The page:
Audio Transcript:

Marco Werman: I'm Marco Werman, this is The World. Amid all the social protest and violence that has rocked Venezuela in recent weeks, the country marks this week the one year anniversary of the death of Hugo Chavez. The late president of Venezuela passed away on March 5th, last year. Since then, Venezuela's problems seem to have gotten worse. The economy has been unravelling with an inflation rate at 56%, one of the highest in the world. The crime rate has also spiked and included the very high profile murder recently of a former beauty queen. And now, the anti-government protest.

Rory Carroll is the author of Comandante: Hugo Chávez's Venezuela. He was based in Caracas as the Latin American bureau chief for the Guardian and Observer newspapers from 2006 to 2012. Rory, where did you expect Venezuela to be 12 months after the passing of Chavez?

Rory Carroll: I expected things to worsen but not as fast as this. I've been surprised as to how the unravelling has accelerated. Nicolas Maduro, the successor to Hugo Chavez, inherited a very dysfunctional economy and lots of problems but he's made a pretty fast job of making them worse. The protests we're seeing now are a direct consequence of that.

Werman: Aside from the speed of the unravelling, what do you find most surprising about what's happening right now?

Carroll: These certain protests and the fact that they've been sustained for almost a month now is really quite surprising to me because under Hugo Chavez, protests were quite regular but they tended to be quite fleeting. You would see students in the streets protesting, or sometimes it would be pensioners or doctors or whatever group that would have a grievance, usually economically related, but the government would have the ability to basically buy them off, often. As a petrostate, to be able to promise them more money and also Hugo Chavez had very good political instincts. He's a very shrewd operator, despite the bombastic persona and he often knew when to draw back. He knew how to intimidate but also not to go too far, lest he would aggravate things. Nicolas Maduro doesn't have those political skills and he doesn't have the same amount of money, of oil revenues that Hugo Chavez had. That's why we're seeing the government making all of these missteps. They've been very heavy handed in repressing the protests, which has only served to fuel the anger of the protesters.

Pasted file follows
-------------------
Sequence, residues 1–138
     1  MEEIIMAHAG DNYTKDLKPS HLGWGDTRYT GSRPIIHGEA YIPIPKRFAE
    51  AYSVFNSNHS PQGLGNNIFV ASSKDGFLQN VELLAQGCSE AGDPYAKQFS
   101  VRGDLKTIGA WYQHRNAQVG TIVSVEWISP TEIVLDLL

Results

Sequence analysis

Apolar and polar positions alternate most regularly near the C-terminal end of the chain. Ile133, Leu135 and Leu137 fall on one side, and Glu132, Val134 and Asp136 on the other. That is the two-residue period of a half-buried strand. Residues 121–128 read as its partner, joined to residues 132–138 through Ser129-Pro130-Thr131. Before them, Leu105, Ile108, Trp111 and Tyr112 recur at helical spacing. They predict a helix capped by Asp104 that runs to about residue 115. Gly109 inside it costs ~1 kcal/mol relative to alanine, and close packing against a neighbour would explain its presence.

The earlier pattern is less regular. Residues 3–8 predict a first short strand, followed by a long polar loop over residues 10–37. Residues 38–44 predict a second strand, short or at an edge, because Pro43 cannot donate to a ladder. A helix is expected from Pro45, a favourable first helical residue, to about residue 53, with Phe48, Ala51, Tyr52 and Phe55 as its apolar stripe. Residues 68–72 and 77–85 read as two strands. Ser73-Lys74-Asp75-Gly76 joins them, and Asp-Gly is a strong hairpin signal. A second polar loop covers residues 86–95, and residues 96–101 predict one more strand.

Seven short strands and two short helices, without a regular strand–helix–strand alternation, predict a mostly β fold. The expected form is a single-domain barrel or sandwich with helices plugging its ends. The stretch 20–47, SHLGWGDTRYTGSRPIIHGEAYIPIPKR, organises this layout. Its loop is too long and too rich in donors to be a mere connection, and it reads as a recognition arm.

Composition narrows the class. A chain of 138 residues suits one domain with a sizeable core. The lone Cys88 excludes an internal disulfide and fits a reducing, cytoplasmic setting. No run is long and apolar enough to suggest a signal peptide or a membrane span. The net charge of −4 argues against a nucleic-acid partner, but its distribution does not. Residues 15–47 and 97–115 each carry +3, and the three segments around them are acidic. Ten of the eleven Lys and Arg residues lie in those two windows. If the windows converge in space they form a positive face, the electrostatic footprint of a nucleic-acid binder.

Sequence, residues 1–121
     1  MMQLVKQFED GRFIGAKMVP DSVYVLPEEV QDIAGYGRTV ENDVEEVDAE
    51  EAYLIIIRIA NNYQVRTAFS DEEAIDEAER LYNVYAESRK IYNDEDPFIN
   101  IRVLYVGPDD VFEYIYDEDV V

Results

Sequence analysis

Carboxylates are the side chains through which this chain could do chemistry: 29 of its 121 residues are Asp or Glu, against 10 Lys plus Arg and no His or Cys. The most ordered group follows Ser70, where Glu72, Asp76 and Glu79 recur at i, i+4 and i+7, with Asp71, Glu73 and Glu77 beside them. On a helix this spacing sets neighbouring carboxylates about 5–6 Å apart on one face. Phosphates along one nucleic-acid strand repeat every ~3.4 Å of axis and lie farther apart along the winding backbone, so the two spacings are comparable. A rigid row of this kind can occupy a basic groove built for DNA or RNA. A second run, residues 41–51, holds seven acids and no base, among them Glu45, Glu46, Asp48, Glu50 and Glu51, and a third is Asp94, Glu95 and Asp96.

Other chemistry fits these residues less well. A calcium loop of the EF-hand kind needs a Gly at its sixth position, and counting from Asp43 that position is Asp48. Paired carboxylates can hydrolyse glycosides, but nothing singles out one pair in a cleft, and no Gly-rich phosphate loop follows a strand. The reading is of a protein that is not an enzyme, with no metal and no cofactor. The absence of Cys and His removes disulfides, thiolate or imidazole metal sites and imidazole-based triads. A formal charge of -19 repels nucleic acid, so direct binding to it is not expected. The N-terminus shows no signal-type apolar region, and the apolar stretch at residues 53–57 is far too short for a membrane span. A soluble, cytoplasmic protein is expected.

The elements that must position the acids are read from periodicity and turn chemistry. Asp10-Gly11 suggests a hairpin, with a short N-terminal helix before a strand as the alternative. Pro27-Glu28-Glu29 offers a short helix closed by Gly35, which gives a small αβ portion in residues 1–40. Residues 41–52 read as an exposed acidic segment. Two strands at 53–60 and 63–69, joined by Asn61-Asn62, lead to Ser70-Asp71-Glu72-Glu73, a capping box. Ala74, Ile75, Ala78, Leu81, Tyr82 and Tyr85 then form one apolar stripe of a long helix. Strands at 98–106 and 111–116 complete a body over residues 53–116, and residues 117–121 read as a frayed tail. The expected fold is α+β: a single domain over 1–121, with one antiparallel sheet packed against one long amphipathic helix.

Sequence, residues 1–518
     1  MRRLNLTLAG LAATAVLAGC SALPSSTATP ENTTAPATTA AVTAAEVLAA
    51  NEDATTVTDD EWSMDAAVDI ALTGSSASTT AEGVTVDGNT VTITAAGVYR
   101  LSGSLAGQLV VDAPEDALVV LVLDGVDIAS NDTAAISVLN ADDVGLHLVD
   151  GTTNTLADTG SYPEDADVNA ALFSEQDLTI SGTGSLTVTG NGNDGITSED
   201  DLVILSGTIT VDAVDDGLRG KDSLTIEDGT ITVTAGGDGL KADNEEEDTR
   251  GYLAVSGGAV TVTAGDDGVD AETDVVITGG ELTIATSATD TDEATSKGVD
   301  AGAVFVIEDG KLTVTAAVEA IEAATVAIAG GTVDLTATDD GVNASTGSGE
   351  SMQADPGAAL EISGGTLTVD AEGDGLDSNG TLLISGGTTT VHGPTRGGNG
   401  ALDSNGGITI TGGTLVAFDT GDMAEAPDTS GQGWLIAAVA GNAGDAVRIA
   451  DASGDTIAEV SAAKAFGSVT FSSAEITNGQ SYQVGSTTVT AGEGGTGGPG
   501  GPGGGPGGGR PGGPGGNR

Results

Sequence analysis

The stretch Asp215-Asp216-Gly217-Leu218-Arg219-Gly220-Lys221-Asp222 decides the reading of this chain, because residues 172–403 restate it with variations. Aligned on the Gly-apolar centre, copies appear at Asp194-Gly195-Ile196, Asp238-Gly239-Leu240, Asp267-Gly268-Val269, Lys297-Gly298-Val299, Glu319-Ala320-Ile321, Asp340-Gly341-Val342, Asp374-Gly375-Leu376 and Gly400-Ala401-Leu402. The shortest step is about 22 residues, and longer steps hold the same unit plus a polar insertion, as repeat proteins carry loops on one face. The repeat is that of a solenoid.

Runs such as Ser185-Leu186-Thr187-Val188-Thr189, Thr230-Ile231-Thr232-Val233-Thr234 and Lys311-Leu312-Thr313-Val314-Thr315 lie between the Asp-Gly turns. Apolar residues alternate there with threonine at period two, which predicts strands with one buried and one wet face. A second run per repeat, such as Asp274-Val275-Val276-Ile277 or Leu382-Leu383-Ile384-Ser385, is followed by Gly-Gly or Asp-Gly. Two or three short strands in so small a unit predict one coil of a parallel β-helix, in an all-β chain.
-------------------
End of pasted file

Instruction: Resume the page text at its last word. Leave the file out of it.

Werman: What are the skills that Nicolas Maduro has?

Caroll: In theory, he has a great story to tell. He's a former bus driver and he just kind of rose up through the ranks of the government. He could be the everyman. He could be your next door neighbor who's now the president. Yet he doesn't have the common touch. He doesn't have the rhetorical flourishes and capacity that Hugo Chavez had to show empathy for the poor because under Chavez, although the wheels were coming off of the economy towards the end of his rule and his life, the poor always felt he was on their side, that he was in their corner, even if the murder rates outside of their front door were out of control. Maduro just doesn't have the same capacity, he doesn't have the same skills of communication to make the poor really feel that he's their guy.

Werman: You live in Los Angeles now, Rory, and it was striking how the other night at the Oscars a number of celebrities mentioned their support for the opposition in Venezuela. Jared Leto, in his acceptance speech, Forest Whitaker and Kevin Spacey on Twitter. Any thoughts on this?

Carroll: It's the first time that I have seen that because until now, anytime Hollywood would be somehow involved in Venezuela, it was usually a small group of left wing people such as Sean Penn or Oliver Stone who would express support for Chavez. Everybody else would either ignore it or let it pass. Now, for the first time, we're seeing Venezuela mentioned in the same breath as Ukraine or even Syria, which frankly is a stretch. But I think that's a worrying sign for Nicolas Maduro, that Hollywood is waking up to the fact that not all is well in Venezuela and the rest of the world is waking up to that.

Werman: The Guardian's former man in Caracas, Rory Carroll, the author of Comandante: Hugo Chávez's Venezuela. Thanks very much for your thoughts, Rory. We appreciate it.

Carroll: Thank you Marco. It's been a pleasure.